Hans was shocked by the obscene requests these men were making. Bestiality. Rape scenes. Violence. Amplifying the horror was the fact that Hans was a father himself. His twin boys were almost the same age as Sweetie.
The operation continued for ten weeks. Sweetie entered just 19 of the 40,000 chat rooms the FBI estimates are populated by predators. Yet she interacted with no fewer than 21,172 men.
On the air-gapped laptop was a list of the real identities of more than 1,000 predators from 71 countries around the world. Scott Robert Hansen’s name and location there.
On November 4, 2014, at Terre des Hommes headquarters, Albert-Jaap looked out over the crowd of reporters and television cameras that surrounded the podium where he stood. Adjusting the microphone, he broke a story that would in a matter of days be a global news phenomenon.
“This is the largest sexual abuse case in history,” said Albert-Jaap. He explained how Terre des Hommes researchers had identified so many child predators. “Video footage of those predators has been handed over to the police authorities today.”
The Dutch police duly passed on the files to Europol. Those concerning individuals outside Europe went to Interpol, which distributed them to police in the relevant countries. Scott Robert Hansen’s file finally landed on the desks of the Australian Federal Police.
Tuesday, February 3, 2014
Hansen looked on helplessly as federal officers clicked through the files on his home computer, knowing what they would find: 11 hours of the most depraved child sexual exploitation films, along with 79 images of child pornography. By the end of the day he would be in police custody.
On Tuesday, October 21, 2014, Judge Julie Ryrie looked down at Hansen from her bench in Brisbane District Court. The records showed that he was no first time offender. He’d flashed young kids on numerous occasions and even attempted to snatch a child on her way home from school—crimes for which he had done prison time.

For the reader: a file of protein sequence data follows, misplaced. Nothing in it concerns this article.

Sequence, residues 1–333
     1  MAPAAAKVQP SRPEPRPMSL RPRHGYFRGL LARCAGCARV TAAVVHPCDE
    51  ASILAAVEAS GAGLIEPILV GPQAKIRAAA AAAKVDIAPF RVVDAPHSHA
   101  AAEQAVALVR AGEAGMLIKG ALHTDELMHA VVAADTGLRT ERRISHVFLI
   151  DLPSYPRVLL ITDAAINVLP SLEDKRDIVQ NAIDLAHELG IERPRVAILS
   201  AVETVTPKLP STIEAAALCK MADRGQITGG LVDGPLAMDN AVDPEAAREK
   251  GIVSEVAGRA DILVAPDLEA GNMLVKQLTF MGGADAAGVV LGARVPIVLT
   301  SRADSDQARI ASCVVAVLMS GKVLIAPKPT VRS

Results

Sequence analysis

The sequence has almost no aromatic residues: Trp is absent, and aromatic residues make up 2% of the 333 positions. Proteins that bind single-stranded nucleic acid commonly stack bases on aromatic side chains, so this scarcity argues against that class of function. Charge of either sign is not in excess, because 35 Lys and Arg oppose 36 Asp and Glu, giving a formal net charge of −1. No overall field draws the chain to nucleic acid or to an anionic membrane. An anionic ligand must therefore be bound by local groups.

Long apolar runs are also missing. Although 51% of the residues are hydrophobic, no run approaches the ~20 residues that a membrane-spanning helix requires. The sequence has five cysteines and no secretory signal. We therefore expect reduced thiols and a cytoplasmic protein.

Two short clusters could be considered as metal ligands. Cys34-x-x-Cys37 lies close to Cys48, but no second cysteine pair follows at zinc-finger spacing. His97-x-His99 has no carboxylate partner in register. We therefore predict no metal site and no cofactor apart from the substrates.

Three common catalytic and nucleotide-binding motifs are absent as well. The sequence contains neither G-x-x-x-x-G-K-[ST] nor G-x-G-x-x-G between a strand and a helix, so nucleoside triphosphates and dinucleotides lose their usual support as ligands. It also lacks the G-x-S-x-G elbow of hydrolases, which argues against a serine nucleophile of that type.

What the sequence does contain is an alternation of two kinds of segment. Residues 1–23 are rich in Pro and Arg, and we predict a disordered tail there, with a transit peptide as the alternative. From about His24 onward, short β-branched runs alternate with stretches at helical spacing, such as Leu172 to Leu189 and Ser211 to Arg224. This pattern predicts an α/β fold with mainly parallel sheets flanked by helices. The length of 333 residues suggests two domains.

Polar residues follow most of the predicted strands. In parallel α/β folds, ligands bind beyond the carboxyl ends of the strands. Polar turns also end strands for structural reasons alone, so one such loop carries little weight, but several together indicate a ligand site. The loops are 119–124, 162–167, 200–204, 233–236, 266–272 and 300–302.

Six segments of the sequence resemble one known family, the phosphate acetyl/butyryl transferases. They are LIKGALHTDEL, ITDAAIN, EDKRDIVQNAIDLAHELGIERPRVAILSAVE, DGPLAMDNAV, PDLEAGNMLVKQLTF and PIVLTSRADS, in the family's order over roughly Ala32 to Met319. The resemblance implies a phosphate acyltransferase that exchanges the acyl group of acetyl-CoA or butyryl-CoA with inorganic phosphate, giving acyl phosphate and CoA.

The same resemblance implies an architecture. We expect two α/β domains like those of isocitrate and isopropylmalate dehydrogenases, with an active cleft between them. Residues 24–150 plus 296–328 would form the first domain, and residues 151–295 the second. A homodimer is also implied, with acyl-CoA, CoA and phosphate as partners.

Now Hansen was facing charges not just for possession of child exploitation material and breach of recogninisance but for “using a carriage service to transmit indecent communication to a person under 16 years of age.”
Hansen had used the internet to Skype indecent videos of himself to Sweetie. Yet this “person” was not a child at all, but rather a team of men posing as a little girl. Hansen had already pled guilty on all three counts. Now how would the judge sentence Hansen, with the knowledge that Sweetie was in fact not a real girl at all.
In her closing comments, public prosecutor Laura-Leigh Manville didn’t mince words describing the obscene acts Hansen had performed before the camera and Sweetie, all the while believing Sweetie to be a young Filipina. She asked that the judge treat this case as if Sweetie were a real person.
In sentencing, Judge Ryrie said Hansen had “a protracted interest in targeting children in various ways,” The fact the girl was not real was irrelevant, she said: “If you believe that’s a nine-year-old girl, then that’s the law, that’s good enough.” She sentenced Hansen to 12 months in prison.
It was Sweetie’s first conviction.
Since Hansen’s sentencing, men in Belgium, Denmark, UK , the Netherlands, Poland and the US have been arrested for their interactions with Sweetie and at least nine have beenconvicted. There are probably more convictions but exact numbers are difficult to track as no one is obliged to report them to Terre des Hommes.
Sweetie’s work has just begun. She has now been turned into an automated chatbot, called Sweetie 2.0, that can have convincing online conversations without an operator. Testing of the new version started in September. This phase will come to an end in April. Information on the worst repeat perpetrators encountered during the test run will be passed onto Europol and Interpol, and the software will be offered to law enforcement agencies around the world.
“One in four individuals who start with watching child pornography will then move on to hands-on child sexual abuse. Early intervention with Sweetie 2.0 could stop that,” says Hans.
With the collaboration of police forces internationally, Sweetie 2.0 has the potential to make predators like Hansen think twice before attempting to abuse children on the other side of the world.